Are Office Chairs Bad for Carpet?

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For many of us, carpet is our floor covering of choice. It offers cushioned support, comfort, warmth, and style. 

Office chairs are another popular feature in our work environment, cleverly designed for flexible motion and postural alignment.

But what happens when you combine carpet with office chairs?

Can office chairs damage carpet, and is this preventable? Whether office chairs are bad for your carpet depends on your wheel type and quality, the type of your carpet itself, and what preventative measures you’ve taken (if any).

The solution lies in three actionable steps: replace, reinforce, and upgrade. Replacement refers to the wheels, reinforcement to what’s under the wheels, and upgrade to your choice of office chair. 

Concerned about your carpet? Read on for some wheel-y good hints on preventing your office chair from inflicting harm on your floor covering.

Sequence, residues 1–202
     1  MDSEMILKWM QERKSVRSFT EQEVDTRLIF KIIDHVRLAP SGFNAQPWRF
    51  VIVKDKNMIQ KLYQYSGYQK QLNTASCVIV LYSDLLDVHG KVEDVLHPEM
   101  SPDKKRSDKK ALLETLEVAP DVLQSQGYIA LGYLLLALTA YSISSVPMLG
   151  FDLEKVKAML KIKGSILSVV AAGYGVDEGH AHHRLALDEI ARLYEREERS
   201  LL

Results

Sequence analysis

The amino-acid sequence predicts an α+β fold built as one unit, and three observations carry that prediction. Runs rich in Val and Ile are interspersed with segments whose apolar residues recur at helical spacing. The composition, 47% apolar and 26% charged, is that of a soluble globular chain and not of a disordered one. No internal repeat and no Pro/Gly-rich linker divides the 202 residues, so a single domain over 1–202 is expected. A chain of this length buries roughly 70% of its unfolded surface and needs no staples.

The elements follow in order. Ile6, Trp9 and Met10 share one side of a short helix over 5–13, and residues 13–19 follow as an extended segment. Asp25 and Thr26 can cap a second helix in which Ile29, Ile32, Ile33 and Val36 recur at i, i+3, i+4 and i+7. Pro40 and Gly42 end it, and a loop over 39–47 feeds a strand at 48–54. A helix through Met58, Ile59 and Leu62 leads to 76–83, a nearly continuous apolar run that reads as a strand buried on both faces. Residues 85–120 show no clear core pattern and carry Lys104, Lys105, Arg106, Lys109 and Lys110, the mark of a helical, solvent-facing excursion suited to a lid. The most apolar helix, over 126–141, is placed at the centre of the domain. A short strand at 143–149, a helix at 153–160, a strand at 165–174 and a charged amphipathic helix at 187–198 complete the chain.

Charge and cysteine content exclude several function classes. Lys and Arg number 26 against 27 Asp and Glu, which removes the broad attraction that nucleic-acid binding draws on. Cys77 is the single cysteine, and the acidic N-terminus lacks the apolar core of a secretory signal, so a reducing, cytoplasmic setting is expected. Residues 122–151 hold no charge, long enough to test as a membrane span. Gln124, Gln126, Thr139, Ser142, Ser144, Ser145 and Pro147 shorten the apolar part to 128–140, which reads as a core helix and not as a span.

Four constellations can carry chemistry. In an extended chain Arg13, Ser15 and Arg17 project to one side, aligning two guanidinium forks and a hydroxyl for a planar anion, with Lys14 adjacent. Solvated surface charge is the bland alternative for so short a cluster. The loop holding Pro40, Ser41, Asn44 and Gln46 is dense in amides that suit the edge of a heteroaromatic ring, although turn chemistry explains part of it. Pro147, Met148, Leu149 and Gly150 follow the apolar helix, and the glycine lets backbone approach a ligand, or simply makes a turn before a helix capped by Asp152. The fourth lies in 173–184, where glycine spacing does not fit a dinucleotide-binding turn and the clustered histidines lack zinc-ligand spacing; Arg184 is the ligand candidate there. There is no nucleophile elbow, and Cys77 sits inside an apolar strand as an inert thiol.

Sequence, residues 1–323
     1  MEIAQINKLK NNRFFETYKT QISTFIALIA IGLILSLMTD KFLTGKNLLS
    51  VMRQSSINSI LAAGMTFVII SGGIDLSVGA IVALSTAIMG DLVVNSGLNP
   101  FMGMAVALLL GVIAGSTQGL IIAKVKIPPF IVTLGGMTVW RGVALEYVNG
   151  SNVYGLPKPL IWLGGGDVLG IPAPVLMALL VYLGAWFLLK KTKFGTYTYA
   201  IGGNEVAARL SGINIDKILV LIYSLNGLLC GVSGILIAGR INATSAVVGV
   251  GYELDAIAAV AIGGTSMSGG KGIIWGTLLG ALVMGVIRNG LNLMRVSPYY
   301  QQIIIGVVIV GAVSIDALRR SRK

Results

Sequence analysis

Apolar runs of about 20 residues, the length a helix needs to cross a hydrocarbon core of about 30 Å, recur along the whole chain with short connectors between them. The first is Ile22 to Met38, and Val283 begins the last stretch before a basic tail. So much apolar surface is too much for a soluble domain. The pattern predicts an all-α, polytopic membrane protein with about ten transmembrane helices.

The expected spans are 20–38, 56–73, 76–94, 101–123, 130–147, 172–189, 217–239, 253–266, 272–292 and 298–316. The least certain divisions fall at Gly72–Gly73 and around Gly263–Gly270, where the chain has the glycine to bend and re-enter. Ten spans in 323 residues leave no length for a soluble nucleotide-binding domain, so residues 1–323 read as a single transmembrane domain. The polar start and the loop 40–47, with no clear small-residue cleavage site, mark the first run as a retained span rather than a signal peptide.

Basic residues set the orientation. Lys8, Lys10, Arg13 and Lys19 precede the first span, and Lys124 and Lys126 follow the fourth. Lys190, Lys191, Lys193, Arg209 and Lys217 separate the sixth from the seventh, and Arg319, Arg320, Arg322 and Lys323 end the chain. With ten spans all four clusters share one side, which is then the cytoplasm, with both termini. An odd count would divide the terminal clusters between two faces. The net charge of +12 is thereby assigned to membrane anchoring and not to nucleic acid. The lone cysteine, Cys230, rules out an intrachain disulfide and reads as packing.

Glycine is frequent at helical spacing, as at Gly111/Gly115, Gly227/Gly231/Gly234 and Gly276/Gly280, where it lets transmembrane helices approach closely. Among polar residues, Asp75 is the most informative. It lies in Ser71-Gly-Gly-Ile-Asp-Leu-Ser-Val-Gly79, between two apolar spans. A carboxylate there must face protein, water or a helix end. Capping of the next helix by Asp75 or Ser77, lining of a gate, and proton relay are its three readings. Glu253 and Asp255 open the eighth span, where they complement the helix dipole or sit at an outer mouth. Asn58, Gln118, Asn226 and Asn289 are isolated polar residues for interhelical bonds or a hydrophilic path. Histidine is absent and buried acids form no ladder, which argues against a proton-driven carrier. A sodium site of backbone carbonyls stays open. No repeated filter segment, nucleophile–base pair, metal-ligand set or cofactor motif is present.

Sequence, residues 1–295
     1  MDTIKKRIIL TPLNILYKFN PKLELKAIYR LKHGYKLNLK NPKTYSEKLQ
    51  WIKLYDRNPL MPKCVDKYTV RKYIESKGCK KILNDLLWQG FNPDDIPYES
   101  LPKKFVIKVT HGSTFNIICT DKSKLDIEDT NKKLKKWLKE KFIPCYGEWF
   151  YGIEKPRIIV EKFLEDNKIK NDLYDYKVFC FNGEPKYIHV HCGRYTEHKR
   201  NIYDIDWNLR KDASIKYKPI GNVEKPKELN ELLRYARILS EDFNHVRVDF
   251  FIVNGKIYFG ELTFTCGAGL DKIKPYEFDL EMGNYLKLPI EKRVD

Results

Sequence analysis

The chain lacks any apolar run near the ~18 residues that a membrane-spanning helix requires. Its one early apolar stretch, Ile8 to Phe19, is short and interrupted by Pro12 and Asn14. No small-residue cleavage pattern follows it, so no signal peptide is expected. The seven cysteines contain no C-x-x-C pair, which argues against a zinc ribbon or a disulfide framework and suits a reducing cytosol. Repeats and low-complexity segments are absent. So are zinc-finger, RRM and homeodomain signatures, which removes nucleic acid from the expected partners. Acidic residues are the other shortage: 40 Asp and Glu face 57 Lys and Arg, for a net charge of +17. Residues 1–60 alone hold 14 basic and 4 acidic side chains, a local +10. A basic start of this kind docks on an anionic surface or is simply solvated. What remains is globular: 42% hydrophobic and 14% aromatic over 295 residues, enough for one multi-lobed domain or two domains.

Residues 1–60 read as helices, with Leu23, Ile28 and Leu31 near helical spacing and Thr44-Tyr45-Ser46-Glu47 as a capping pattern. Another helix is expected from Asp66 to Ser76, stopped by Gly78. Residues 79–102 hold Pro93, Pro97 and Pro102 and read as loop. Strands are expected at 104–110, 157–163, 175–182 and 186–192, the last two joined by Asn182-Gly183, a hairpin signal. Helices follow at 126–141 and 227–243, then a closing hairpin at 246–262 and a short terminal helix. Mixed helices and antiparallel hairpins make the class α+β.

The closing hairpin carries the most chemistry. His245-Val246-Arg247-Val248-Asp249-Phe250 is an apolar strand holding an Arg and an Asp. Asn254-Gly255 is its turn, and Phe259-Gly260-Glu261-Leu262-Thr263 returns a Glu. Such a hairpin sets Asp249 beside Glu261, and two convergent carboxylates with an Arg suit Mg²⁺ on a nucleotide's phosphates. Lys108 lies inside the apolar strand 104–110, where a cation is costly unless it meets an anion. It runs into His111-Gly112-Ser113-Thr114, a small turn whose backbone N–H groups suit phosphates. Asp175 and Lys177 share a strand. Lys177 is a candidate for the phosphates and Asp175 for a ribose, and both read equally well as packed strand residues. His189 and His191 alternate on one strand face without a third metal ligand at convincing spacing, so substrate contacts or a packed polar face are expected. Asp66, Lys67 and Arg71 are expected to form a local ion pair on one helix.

What kind of chair wheels are best for carpet?

Wheel type

Office chair wheels have a potential to damage your carpet as you roll them across it, snagging fibers, and leaving indentations or marks. 

Dual wheel casters made from hard plastic are one of the most common wheel types used in office chairs across the world.

They look typically a bit like these ones from Amazon:

This type of wheel work less well on some carpets, since the dual wheel design and hard plastic material make it easier for carpet fibers to get snagged. Over time as the chair rolls across the carpet, these fibers can get caught up inside the wheel. 

Roller-blade style chair wheels are often a better choice than the hard plastic dual wheel variety, as they’re manufactured from a soft form of rubber such as polyurethane which is designed to glide smoothly over carpet without damage. 

The “roller-blade style” simply means the wheel itself is one connected “rubber-like” component, similar to the wheels of a rollerblade. Usually this style of wheel is a little softer than the hard plastic variety, which you can see by pressing down on it with your finger.